COVID-19 - otherwise known as coronavirus - continues to have an adverse effect on world motorsport.
With several championship seasons already delayed, more races and events have been postponed in response to the pandemic outbreak of COVID-19. Several manufacturers have also suspended production at factories in response to the ongoing situation.
Here’s what we know so far:
COVID-19 sees Monaco Grand Prix cancelled
Formula 1 has taken measures to cancel the Monaco Grand Prix, while the Dutch, Spanish and Azerbaijan Grands Prix are on hold for now.
It means the Monaco Grand Prix will not go ahead for the first time since 1954.
The first four races of the 2020 F1 season – Australia, Bahrain, Vietnam and China – were already postponed due to COVID-19. June appears to be the earliest time the season will restart. F1 and the FIA are closely monitoring the situation.
An F1 statement said: “Due to the ongoing and fluid nature of the COVID-19 situation globally, Formula 1, the FIA and the three promoters have taken these decisions in order to ensure the health and safety of the travelling staff, championship participants and fans, which remains our primary concern.”
As a result of COVID-19, F1 teams and organizers have agreed unanimously to bring forward the summer shutdown. The break usually occurs in August but will now take place across March and April. It has been extended to three weeks instead of two.
Teams will now decide the three-week period they will shut their factories down.
F1 bosses have also agreed to delay the proposed 2021 rule changes until the 2022 season. The decision came following unanimous backing by teams. All teams accepted the need to be flexible with the race calendar once the season commences.
Le Mans 24 Hours rescheduled due to COVID-19
The Le Mans 24 Hours has also fallen victim to COVID-19 and has been rescheduled for September. Originally slated for June 13-14, the famous endurance race will now take place on September 19-20.
Pierre Fillon, President of the Automobile Club de l’Ouest, said: “First and foremost, I urge everyone to avoid putting themselves, their loved ones and others at risk. The most important thing today is to curtail the spread of this virus. Our thoughts go out to medical staff working relentlessly for the sake of us all.”
The postponement of Le Mans due to COVID-19 will also have a further effect on several other European series. Several races will have to be moved to accommodate.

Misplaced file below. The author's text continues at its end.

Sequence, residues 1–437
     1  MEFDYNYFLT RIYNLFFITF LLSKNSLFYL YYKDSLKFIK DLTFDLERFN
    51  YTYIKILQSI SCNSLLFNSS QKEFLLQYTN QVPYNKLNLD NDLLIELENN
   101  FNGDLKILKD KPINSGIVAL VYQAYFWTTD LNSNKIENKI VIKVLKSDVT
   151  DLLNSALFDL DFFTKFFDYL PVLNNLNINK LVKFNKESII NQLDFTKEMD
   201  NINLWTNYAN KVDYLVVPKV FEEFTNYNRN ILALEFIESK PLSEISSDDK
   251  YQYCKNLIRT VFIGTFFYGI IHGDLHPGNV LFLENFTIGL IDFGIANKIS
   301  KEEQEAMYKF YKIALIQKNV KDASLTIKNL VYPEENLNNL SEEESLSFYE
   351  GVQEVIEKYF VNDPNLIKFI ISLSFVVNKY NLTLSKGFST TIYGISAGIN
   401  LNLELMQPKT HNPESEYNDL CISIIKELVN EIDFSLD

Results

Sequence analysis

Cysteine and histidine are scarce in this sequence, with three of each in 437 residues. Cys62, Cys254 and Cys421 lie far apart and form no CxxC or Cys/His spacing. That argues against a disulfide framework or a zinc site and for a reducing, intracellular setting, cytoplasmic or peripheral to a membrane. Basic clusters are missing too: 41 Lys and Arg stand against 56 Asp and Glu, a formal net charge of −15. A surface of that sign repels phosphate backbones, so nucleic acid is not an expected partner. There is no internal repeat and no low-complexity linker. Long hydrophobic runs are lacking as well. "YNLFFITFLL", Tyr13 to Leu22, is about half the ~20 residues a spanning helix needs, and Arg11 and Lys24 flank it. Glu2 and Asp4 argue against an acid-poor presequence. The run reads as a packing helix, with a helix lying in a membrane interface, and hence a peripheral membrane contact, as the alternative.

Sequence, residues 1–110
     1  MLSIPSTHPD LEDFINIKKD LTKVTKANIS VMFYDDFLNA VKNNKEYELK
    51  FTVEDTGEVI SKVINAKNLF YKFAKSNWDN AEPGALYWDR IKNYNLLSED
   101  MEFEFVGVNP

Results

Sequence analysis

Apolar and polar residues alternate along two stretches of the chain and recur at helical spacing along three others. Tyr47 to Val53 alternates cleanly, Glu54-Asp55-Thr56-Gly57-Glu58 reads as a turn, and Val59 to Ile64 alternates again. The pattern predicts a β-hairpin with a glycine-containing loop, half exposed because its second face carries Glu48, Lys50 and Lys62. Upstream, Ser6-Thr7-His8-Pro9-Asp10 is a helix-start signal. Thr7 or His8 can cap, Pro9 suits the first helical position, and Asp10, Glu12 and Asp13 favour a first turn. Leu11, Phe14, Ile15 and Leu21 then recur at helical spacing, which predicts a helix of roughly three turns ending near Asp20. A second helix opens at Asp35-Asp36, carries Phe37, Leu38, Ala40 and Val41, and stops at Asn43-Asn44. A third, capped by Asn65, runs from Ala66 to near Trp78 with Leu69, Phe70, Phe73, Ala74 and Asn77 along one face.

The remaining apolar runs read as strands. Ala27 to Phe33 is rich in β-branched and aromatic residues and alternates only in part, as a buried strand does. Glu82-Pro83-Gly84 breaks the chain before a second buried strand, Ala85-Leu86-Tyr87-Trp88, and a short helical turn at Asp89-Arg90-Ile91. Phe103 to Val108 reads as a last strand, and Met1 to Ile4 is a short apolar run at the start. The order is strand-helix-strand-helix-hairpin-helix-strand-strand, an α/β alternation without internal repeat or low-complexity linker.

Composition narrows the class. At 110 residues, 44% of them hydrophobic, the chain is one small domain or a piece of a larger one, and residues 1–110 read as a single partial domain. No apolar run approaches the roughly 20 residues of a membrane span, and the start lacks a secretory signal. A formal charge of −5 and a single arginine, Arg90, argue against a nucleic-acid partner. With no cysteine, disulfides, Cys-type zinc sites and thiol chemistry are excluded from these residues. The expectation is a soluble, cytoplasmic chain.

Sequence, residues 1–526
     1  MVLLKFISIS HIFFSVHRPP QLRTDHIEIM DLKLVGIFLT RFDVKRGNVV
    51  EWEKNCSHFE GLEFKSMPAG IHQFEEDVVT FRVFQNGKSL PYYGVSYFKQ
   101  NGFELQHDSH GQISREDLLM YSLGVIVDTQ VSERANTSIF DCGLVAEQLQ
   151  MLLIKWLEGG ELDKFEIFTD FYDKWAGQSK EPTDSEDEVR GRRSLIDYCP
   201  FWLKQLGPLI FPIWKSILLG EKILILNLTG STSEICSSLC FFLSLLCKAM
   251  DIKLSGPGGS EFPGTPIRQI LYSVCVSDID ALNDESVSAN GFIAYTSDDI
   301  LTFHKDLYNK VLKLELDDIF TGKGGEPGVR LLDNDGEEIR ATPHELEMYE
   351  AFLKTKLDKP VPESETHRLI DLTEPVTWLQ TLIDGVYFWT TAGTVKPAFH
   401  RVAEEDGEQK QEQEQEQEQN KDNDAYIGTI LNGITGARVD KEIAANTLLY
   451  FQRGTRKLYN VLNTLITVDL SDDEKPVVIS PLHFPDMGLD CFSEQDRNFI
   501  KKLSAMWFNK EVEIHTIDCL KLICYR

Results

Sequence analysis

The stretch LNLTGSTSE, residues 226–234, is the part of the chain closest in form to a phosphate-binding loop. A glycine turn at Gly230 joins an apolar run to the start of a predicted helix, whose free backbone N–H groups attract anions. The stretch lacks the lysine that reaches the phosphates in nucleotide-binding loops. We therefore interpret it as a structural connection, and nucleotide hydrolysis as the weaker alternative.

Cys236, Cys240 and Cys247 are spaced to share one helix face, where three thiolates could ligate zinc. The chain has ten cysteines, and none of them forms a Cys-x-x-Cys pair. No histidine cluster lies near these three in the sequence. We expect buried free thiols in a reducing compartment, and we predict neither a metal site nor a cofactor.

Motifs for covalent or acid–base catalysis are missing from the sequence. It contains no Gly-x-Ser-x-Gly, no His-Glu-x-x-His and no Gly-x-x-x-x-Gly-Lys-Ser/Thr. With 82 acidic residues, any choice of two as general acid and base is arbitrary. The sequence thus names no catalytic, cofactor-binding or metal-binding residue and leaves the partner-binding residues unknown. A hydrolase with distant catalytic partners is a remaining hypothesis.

IndyCar hopeful Indy500 will take place
IndyCar and Indianapolis Motor Speedway are hoping the Indy 500 (scheduled for May 24) and Indianapolis road course event (May 9) will go ahead.
Due to the COVID-19 outbreak, the first four rounds of IndyCar’s 2020 season were cancelled. The opening round at St Petersburg was postponed on the eve of the race. Races at Barber Motorsports Park (Alabama), Long Beach (California) and Circuit of the Americas (Texas) soon followed.
A joint statement released by IndyCar and Indianapolis Motor Speedway said: “We are aware of the CDC’s interim guidance suggesting the postponement of events involving more than 50 people over the next eight weeks.”
“Our priority is to do our part in protecting the public health while still conducting the 104th Indianapolis 500 presented by Gainbridge as scheduled on May 24. This continues to be a dynamic situation which we are monitoring constantly in coordination with federal, state, local and public health officials."
NASCAR has also postponed all races through May 3, but intends to hold all 36 races in the 2020 season.
Manufacturers ceasing production amid COVID-19 outbreak
Several marques are temporarily suspending production in response to the COVID-19 outbreak.
Italian manufacturers Lamborghini and Ferrari have temporary halted production of cars. Italy has been one of the worst-hit countries by the virus.
Ferrari has suspended production at its Maranello and Modena plants until at least March 27. Lamborghini has closed its Bologna-based factory until March 25.
Porsche will shut down its Zuffenhausen and Leipzig plants from March 21 for two weeks. Ford and General Motors, based in the United States, will temporarily shut down for two weeks. This is to protect workers and undergo deep cleans on its facilities.
BMW, Daimler (which owns Mercedes-Benz brand) and several big road car manufacturers across Europe have also closed doors.
All manufacturers are citing a bottleneck effect on supply chains, due to the COVID-19 outbreak.
It’s not all doom and gloom…
While the effects of COVID-19 are frustrating, many in motorsport are staying positive.
Several drivers are keeping themselves entertained in self-isolation by taking on the toilet roll challenge. Renault F1 driver Daniel Ricciardo’s effort was fantastic:
McLaren driver Lando Norris had a moment to forget during a live e-racing of the Australian Grand Prix. Norris, who says he will be streaming live on Twitch more in the coming weeks, missed the formation lap of the race:
Finally, with all the negativity surrounding COVID-19, the esteemed Aston Martin Valkyrie was spotted on UK public roads for the first time.
It looks amazing! The Valkyrie is a joint-project by Aston Martin and Red Bull, designed by F1 legend Adrian Newey. Red Bull driver Max Verstappen described the new Valkyrie as “insane” after he recently got a sneak preview.
It’s just the image we need after the madness of COVID-19.